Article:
police

On Sunday evening, a driver pulled up next to a St. Louis police sergeant’s SUV and shot the officer twice in the face. The attack came only half an hour after a drive-by shooter shot a police officer in the shoulder in Sanibel, Florida, as the officer sat in his patrol car.

At least those two officers survived. San Antonio police officer Benjamin Marconi was not so fortunate. Earlier that same day, a man shot Marconi in the head, killing him as he sat in his patrol car writing somebody else a ticket.

Those three shootings, plus another one that happened later that night in Gladstone, Missouri, only vindicate the warnings of Jeff Roorda, a retired St. Louis-area police chief and nationally recognized police spokesman.

“It’s just more evidence of what I’ve been saying for two-and-a-half years,” Roorda told WND. “The war on police is a very real thing. The Ferguson effect is a very real thing. And this is what happens when you glorify acts of violence and hate speech against law enforcement.”

Roorda outlines the conflict in his new book, “The War on Police: How the Ferguson Effect is Making America Unsafe.”

The “Ferguson effect” refers to the idea that the 2014 shooting of Michael Brown in Ferguson, Missouri, made police around the country hesitant to use force for fear of retaliation from politicians, thus leading to an increase in crime.

Roorda draws hope from the election of Donald Trump, believing it was a referendum in favor of law enforcement. He noted Trump was vocally supportive of law enforcement during the campaign while the Democrats brought “the mothers of would-be cop killers” onto the prime-time stage at their party convention to speak about police brutality and racism.

However, the former officer admits Trump’s election may have raised anti-police sentiments even higher, just as it has touched off a storm of protests and violence all over the country.

“This social upheaval that we’ve seen in the two weeks following the election keeps the thermostat set on high when we ought to be trying to figure out a way to crank it down,” Roorda said. “Elections are a demonstration of the will of the people, and the people of this country voted for the candidate who said that law enforcement ought to be respected, law enforcement ought to be protected and law and order ought to be maintained.”

The shooting of the St. Louis police sergeant happened at about 7:30 p.m. central Sunday. A driver pulled up next to the sergeant’s SUV as he sat in traffic and opened fire. Police said the 46-year-old sergeant was shot twice in the face, and he remained in critical but stable condition and was expected to survive.

According to the St. Louis Post-Dispatch, the sergeant said a car pulled up beside his SUV, and he thought the driver was going to ask him a question. However, the sergeant soon saw the muzzle flashes and felt broken glass as the shots barreled through his window and struck his head.

Early Monday morning, a suspect in the shooting was killed in a shootout with undercover officers.

It’s never been tougher to be one of the men in blue than it is right now. Get “The War On Police: How the Ferguson Effect Is Making America Unsafe” now at the WND Superstore

Meanwhile, in Sanibel, Florida, police took a suspect into custody Sunday night just hours after a city police officer was shot while he sat in his patrol car after finishing a routine traffic stop. The officer was taken to a hospital, treated for his wounds and later released.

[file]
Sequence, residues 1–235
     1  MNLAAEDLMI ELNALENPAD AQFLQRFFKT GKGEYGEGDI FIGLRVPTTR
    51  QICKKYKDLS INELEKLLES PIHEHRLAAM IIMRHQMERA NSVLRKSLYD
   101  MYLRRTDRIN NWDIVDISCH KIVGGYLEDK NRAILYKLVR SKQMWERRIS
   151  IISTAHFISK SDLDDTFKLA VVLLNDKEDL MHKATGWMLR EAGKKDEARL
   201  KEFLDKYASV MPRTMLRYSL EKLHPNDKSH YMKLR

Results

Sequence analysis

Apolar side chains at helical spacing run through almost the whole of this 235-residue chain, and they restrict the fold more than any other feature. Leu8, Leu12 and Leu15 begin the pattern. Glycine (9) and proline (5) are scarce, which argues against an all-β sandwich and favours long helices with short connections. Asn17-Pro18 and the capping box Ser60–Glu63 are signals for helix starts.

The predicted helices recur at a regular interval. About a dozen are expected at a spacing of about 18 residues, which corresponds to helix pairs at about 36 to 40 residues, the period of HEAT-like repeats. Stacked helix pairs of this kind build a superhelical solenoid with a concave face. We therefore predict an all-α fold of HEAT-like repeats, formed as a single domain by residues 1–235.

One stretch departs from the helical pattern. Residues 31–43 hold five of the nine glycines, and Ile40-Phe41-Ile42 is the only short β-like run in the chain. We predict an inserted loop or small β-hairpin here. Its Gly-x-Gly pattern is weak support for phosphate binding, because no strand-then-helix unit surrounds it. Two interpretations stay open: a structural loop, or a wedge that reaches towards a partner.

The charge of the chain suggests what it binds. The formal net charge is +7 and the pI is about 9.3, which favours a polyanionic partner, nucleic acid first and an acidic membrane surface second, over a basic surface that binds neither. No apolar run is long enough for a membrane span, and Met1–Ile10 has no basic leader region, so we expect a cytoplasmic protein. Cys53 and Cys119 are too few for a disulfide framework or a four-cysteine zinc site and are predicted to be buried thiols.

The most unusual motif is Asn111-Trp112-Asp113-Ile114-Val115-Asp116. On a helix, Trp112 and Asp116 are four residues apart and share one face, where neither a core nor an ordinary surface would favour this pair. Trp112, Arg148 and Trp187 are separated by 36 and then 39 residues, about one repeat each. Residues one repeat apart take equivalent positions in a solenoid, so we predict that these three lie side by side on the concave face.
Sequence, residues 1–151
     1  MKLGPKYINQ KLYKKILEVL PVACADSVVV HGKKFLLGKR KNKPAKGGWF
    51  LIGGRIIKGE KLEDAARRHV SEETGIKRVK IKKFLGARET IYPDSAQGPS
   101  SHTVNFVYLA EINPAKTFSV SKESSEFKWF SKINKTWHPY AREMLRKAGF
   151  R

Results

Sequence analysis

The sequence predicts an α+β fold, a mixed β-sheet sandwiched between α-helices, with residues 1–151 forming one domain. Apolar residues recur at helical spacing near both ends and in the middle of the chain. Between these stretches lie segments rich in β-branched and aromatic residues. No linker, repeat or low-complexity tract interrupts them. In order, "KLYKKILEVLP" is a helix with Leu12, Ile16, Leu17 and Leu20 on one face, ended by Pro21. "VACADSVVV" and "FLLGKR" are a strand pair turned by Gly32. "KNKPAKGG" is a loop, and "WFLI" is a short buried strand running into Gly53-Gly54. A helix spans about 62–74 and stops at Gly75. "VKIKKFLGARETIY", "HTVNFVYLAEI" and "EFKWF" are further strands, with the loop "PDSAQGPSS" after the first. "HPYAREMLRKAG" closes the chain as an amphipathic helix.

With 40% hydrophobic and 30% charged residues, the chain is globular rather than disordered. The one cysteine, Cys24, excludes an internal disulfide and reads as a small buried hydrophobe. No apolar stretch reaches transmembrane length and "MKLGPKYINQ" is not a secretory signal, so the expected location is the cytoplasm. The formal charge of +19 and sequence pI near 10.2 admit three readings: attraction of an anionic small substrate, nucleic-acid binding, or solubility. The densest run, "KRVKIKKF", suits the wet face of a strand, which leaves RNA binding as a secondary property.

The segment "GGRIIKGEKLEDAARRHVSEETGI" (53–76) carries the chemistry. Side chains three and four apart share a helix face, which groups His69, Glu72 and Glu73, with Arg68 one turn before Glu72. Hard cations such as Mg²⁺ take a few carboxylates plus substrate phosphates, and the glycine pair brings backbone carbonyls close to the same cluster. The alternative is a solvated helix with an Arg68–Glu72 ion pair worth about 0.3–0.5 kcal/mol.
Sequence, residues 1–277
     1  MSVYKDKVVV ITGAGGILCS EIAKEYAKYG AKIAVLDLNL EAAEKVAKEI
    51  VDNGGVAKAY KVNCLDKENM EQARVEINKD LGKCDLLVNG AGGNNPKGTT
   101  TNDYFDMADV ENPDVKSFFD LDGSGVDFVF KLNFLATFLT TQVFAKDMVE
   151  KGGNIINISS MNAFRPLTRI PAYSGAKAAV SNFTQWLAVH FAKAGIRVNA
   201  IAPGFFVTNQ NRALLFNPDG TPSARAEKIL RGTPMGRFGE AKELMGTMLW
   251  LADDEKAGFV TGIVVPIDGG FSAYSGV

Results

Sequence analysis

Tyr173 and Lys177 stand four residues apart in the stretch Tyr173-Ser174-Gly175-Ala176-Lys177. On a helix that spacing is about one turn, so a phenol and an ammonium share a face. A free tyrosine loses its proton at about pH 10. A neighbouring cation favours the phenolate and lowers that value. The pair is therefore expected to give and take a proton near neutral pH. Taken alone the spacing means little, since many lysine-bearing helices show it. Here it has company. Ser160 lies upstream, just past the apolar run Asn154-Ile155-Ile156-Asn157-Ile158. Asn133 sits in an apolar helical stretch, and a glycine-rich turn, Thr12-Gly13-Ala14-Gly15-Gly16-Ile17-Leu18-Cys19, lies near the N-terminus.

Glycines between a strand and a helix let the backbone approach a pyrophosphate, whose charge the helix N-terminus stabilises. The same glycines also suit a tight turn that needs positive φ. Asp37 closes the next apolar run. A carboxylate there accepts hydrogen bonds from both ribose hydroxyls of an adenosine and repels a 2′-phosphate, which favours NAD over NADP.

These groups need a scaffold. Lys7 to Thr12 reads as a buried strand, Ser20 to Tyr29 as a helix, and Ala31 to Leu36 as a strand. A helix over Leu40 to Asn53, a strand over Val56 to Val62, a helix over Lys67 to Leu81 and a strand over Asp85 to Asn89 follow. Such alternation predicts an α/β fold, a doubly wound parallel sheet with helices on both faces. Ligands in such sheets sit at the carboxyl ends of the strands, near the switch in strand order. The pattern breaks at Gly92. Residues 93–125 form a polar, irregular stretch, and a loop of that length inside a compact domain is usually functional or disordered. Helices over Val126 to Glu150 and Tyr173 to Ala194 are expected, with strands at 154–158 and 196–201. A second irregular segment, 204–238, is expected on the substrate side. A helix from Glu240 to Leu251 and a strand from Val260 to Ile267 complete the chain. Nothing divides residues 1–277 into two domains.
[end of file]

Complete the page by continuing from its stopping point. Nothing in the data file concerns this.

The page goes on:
In San Antonio, Det. Marconi was sitting in his squad car, writing a ticket when another car pulled up from behind. The driver got out, walked up to Marconi’s window and shot him twice in the head. He then retreated to his car and drove away, and police had yet to find him as of Monday afternoon.

Roorda has a solution to the frightening problem of police getting ambushed while sitting in their patrol cars.
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“One of the things that I talk about a lot is two-man cars,” he said. “A lot of these situations wouldn’t happen if we had two officers in a car together, and some of the bad outcomes wouldn’t happen, either. I think that it’s very likely that Michael Brown would be alive today if Darren Wilson had been in a two-man car. I just don’t know that Michael Brown would have decided to attack Darren if there was a second officer there. Now he’d be behind bars, but at least he’d be alive, and we wouldn’t have had this false narrative take hold that has now gripped this anti-police movement across the country.”

Late Sunday night in Gladstone, Missouri, a suspect fired multiple shots at police as they chased him on foot, trying to take him into custody. The shooter had been the passenger in a vehicle the officers pulled over for a traffic violation, but he got out of the car and ran. When the officers caught up to him, the suspect produced a handgun and fired the shots. One officer suffered an injured hand, and the suspect was killed.

Roorda suggests America can finally end the cycle of violence against police officers with a little honesty.

“We’ve got to be honest about what’s happening in this country and quit pretending like cops are victimizing innocent kids on the street,” he declared. “It’s just the opposite. People are turning deadly violence against police all the time. When it ends badly and the officer is injured or killed, everyone crosses their hands and says, ‘Aw, that’s too bad.’ But when it ends badly and a suspect is killed, we pretend like something else happened.

“The two outcomes come from the same situation – a deadly attack on law enforcement – and that’s what we need to be honest about.”

It’s never been tougher to be one of the men in blue than it is right now. Get “The War On Police: How the Ferguson Effect Is Making America Unsafe” now at the WND Superstore

 

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